A few days ago, I heard a news item that really caught my attention.
It was about Team Rubicon – and maybe you’ve heard about them, but their mission was new to me.
And while the news story was heart-warming, it had a very sad beginning: the wide-swipe of a killer tornado.
But what is so up-lifting is the “silver-lining” role Team Rubicon is playing in the wake of nature’s funnel-monster roar.
Team Rubicon is all about returning soldiers. They’ve been to war, often watching their buddies die, they’re even been injured themselves, yet they’ve made it out. And they feel lucky to have made it out alive.
So lucky, in fact, that they continue to help with disaster-stricken people in devastated settings.
Team Rubicon bridges the critical time gap between large humanitarian disasters and conventional aid response. They’re the vital first-responders. Working in small teams, they bring in medical care and they deploy fast with their mission of search and rescue. They’re there to do the heavy-lifting, often wielding chain saws to clear the worst debris.
What was so moving was their commitment to service. After serving their military deployments, they’re continuing to serve in such a much needed humanitarian capacity.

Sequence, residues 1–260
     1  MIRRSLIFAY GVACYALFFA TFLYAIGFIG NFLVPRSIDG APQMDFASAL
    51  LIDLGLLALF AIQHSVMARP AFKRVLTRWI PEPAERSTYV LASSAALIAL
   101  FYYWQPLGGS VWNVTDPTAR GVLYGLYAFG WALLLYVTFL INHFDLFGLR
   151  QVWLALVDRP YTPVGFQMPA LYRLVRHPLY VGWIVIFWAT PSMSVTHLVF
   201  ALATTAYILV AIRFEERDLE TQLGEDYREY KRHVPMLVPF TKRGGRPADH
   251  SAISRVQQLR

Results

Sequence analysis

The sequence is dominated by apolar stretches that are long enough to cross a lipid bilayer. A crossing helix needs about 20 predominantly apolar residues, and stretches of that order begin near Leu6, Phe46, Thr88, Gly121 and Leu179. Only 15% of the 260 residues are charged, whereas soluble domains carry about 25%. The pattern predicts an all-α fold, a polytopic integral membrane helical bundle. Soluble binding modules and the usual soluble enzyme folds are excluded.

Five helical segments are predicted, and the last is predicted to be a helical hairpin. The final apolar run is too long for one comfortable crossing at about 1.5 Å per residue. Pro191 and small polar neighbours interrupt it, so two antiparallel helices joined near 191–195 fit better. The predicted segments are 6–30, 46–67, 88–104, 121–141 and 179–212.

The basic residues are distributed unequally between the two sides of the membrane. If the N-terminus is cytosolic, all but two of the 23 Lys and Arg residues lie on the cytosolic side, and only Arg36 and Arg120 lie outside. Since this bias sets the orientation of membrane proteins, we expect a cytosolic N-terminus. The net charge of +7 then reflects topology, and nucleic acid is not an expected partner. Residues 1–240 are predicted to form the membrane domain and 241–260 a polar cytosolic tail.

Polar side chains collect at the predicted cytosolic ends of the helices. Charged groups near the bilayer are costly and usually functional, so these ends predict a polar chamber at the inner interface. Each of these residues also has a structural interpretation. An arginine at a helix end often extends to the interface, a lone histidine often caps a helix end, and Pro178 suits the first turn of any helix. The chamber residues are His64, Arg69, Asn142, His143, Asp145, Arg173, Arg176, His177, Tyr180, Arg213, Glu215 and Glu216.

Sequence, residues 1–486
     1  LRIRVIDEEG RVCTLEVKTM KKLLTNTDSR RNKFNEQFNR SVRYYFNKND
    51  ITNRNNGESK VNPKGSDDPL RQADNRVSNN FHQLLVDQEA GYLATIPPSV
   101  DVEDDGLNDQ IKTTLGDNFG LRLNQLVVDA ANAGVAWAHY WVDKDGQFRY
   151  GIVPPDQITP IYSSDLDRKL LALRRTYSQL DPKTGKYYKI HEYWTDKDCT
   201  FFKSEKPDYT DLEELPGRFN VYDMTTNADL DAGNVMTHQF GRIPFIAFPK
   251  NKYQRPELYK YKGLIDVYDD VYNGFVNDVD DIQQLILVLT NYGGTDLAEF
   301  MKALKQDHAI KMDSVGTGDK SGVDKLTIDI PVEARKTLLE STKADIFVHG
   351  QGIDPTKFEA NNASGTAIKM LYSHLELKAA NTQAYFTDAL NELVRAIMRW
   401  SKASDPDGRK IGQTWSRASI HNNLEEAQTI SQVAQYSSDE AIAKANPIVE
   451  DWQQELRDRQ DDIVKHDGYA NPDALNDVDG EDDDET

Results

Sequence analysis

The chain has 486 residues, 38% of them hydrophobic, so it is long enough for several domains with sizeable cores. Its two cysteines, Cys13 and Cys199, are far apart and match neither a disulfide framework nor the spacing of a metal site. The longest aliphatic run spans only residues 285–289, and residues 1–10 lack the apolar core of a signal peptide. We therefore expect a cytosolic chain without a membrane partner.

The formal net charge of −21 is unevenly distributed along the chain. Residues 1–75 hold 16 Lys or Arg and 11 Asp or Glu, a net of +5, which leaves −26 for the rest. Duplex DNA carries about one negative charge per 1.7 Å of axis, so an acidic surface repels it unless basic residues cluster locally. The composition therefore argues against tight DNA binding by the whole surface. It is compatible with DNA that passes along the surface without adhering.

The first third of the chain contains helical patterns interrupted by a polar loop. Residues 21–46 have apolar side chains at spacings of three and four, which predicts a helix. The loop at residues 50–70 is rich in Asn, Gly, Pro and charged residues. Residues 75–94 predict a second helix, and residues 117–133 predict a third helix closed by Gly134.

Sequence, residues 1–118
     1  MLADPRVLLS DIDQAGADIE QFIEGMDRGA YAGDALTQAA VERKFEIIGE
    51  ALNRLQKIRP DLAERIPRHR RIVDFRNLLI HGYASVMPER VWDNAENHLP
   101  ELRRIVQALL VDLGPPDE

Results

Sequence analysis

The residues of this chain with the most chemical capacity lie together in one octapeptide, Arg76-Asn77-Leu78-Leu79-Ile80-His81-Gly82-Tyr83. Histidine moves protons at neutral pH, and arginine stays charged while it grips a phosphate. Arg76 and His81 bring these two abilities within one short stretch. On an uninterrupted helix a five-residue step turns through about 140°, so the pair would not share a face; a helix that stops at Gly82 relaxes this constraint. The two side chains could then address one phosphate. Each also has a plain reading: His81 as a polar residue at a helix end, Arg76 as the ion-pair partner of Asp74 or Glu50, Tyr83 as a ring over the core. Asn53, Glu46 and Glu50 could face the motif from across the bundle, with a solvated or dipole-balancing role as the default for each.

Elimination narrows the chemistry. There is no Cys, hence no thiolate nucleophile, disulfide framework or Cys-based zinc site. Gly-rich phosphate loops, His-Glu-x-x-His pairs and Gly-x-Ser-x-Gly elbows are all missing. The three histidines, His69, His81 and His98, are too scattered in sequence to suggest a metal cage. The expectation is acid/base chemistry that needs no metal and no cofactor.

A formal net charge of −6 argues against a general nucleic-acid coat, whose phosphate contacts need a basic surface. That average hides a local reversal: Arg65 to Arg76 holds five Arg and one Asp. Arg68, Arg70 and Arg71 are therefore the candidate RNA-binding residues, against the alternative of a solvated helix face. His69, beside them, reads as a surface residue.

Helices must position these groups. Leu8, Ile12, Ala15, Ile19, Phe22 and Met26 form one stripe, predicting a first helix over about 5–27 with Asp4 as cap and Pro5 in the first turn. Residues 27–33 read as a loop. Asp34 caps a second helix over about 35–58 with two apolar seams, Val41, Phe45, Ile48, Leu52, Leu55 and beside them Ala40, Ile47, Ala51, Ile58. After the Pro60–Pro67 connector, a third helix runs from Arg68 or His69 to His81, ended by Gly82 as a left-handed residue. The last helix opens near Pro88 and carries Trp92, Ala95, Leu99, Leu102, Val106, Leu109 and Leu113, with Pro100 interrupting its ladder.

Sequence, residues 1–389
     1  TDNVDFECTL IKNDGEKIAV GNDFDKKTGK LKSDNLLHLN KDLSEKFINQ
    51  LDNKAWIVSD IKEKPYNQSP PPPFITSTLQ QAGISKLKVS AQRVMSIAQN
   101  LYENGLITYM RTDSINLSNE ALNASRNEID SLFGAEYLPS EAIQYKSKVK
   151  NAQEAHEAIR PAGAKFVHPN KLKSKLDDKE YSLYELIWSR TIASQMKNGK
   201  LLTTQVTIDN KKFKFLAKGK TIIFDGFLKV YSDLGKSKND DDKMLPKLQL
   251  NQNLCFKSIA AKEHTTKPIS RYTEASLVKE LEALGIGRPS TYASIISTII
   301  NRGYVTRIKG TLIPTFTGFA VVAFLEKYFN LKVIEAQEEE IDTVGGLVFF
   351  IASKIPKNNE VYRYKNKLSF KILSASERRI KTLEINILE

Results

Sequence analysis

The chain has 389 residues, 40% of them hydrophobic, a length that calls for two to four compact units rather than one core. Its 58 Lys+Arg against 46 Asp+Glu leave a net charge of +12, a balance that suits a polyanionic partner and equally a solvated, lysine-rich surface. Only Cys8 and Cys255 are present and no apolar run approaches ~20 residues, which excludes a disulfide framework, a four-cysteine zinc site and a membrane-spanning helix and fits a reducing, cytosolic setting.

As highly skilled returning soldiers, they’re continuing to serve in the most demanding of on-the-ground work. Plus, they’re used to working in teams, accessing the situation at hand, and acting decisively.
In effect, they’re translating their military combat training into humanitarian action.
And I can’t help but think that the healing these returning soldiers are bringing to others might somehow be bringing healing to the trauma-inducing events that they’ve experienced in combat.
Thanks to Team Rubicon, these soldiers have “Crossed the Rubicon” and are now “bridging the gap.” Because of their efforts, Joplin, Missouri is already beginning their healing process.
And as we all know too well, healing the wounds of trauma is a huge gap to bridge.
And all this brings me to Memorial Day, which is today. This is our day of commemoration here in the United States when we remember and bring recognition and tribute to those who have served so courageously in our armed forces.
As we know, combat experiences can be incredibly traumatizing as well.
If trauma and its treatment is something that concerns you, you might be interested in our trauma courses. I think you’ll find that they give a full-spectrum of new thinking on this very important topic.